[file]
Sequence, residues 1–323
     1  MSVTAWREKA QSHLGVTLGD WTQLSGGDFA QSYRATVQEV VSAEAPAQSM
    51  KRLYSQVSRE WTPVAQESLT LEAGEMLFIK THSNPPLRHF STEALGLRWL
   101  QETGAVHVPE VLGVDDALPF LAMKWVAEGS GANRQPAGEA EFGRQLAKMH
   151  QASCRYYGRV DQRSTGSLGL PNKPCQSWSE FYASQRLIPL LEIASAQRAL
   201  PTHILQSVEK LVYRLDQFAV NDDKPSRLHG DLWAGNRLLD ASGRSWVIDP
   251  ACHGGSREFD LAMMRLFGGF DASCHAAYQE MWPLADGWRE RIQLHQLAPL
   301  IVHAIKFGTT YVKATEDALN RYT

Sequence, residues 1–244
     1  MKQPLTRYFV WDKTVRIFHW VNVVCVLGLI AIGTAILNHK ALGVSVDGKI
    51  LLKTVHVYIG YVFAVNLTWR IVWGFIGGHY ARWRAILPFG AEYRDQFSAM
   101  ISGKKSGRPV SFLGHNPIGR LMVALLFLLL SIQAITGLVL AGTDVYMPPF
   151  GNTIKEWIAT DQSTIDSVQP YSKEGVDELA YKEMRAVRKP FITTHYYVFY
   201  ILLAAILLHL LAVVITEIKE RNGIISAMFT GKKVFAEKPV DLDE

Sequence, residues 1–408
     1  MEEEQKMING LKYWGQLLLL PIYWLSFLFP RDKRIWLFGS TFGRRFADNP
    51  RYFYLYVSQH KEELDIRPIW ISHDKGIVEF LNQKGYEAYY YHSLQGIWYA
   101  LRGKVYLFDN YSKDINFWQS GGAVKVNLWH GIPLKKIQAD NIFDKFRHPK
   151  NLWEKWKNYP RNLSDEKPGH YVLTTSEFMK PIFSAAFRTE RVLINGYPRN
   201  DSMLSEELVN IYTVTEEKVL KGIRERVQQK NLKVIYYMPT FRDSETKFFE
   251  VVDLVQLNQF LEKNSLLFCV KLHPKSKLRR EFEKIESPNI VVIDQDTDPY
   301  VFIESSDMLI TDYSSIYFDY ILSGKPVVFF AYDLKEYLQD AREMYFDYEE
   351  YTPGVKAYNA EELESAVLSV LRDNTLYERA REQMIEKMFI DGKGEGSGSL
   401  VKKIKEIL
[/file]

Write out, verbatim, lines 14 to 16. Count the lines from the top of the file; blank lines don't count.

   201  ILLAAILLHL LAVVITEIKE RNGIISAMFT GKKVFAEKPV DLDE

Sequence, residues 1–408
     1  MEEEQKMING LKYWGQLLLL PIYWLSFLFP RDKRIWLFGS TFGRRFADNP